It was only 8 a.m., and I was concerned bowhunters might decide to hunt the same area over the weekend. I attempted to retrieve paper and a pen from my truck to write a warning note for the bulletin board at the trailhead, but it was too much to dig through my truck with an injured arm. The note probably wouldn’t have been legible anyway, with the constant blood dripping from my writing hand. I would just have to contact the authorities as soon as possible to close the trail.
At last, I felt completely safe. I documented my wounds with my smartphone, laid some jackets over the truck seat to keep the blood off it, and headed toward town and the hospital, about 30 minutes away.
I stopped a rancher at his mailbox along the road out and asked him to make a call to the hospital to let someone know I was en route. He offered a ride, but I wasn’t concerned about going into shock or my driving, and I didn’t want to bleed all over his vehicle. So I thanked him and continued on alone.
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The Emergency Room
When I finally reached cell service, I called my girlfriend and asked how her morning was going, easing into the news of the attack. Next I called 911, giving the operator a brief assessment of my injuries to pass on to the hospital in Ennis. Ten minutes later, a doctor, a nurse, and a local sheriff’s officer met me at the emergency entrance. I had to ask the officer for help opening my door and unbuckling my seat belt. (He was just impressed I had bothered to buckle it.) My left arm was completely useless, and the deep tear in my right deltoid—along with a dozen puncture wounds to the biceps and triceps—made it difficult to use my right arm. My girlfriend said later that it looked like I had gutted an elk in the driver’s seat.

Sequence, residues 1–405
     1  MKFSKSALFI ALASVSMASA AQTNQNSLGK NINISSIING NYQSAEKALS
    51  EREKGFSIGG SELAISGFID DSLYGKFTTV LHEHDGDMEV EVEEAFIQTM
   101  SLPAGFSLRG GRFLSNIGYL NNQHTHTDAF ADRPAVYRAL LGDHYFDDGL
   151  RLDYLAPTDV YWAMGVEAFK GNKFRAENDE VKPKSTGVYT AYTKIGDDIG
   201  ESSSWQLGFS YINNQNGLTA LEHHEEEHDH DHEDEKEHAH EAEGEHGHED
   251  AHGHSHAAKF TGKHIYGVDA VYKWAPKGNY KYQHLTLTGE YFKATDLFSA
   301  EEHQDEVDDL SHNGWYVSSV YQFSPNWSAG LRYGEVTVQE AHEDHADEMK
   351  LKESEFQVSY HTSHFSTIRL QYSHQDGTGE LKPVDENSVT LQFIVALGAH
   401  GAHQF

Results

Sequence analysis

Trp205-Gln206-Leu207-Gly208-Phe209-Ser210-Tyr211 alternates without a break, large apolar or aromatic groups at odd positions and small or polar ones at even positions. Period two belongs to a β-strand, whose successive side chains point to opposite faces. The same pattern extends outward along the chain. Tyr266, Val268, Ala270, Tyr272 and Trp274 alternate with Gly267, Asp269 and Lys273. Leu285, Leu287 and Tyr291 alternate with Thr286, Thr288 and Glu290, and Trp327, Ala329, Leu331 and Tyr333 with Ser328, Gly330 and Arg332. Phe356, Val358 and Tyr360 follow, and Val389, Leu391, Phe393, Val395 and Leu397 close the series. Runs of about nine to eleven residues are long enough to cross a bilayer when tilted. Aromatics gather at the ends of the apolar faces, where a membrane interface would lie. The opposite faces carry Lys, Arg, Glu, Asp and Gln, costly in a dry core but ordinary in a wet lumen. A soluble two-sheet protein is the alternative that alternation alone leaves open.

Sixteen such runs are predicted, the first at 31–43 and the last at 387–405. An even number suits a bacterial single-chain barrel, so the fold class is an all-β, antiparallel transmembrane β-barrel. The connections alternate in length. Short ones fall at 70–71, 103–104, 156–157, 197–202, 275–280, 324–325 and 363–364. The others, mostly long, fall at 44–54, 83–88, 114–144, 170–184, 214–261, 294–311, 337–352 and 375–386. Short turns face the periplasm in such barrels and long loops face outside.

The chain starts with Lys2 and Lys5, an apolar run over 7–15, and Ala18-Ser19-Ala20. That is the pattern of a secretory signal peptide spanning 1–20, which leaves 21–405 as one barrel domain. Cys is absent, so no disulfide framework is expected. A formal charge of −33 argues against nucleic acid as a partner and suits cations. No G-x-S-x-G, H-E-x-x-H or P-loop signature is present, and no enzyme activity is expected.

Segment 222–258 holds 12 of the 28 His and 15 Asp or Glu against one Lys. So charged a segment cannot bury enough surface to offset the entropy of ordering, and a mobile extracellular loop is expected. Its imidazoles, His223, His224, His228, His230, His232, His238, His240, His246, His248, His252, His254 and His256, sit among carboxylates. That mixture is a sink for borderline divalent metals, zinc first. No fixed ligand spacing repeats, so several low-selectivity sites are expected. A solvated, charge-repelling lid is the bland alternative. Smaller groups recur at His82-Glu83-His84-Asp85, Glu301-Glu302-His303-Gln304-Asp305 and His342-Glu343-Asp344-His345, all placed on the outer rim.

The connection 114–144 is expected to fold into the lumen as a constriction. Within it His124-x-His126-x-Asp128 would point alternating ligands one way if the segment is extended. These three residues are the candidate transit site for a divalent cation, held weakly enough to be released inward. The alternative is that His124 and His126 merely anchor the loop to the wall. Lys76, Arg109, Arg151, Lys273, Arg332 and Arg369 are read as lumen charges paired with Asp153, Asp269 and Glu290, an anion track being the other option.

X-rays of my forearm revealed only a chip out of the ulna. Eight hours of stitching to close all the puncture wounds and tears followed. Most of these lacerations were in my arm, shoulder, and upper back. I was lucky the bear had released my torso instead of tearing through it—I only had four punctures above my right hip. Two tendons had been ripped from the muscle in my left forearm—surgery was required to repair the shredded muscle tissue and reattach the tendons. Numerous nerves had been damaged. Many months of physical therapy and exercise to recover full use of my left hand would follow.
The 5-inch gash along the side of my head, however, will leave a nasty scar. It’s a small price to pay, though, for escaping with my life and my wits. When my hairline eventually begins to recede, I’ll have a daily reminder of the one very bad day I spent in bear country.
Montana Fish, Wildlife & Parks and the Interagency Grizzly Bear Study Team visited the area the next day, but they did not encounter the sow. The trail was closed for three weeks until the general 2016 hunting season opened. To the author’s knowledge, no one has crossed paths with the bear since.
Editor’s Note: This story ran as an extended “This Happened to Me” comic in our October 2017 print issue under the title “A Bad Day in Bear Country”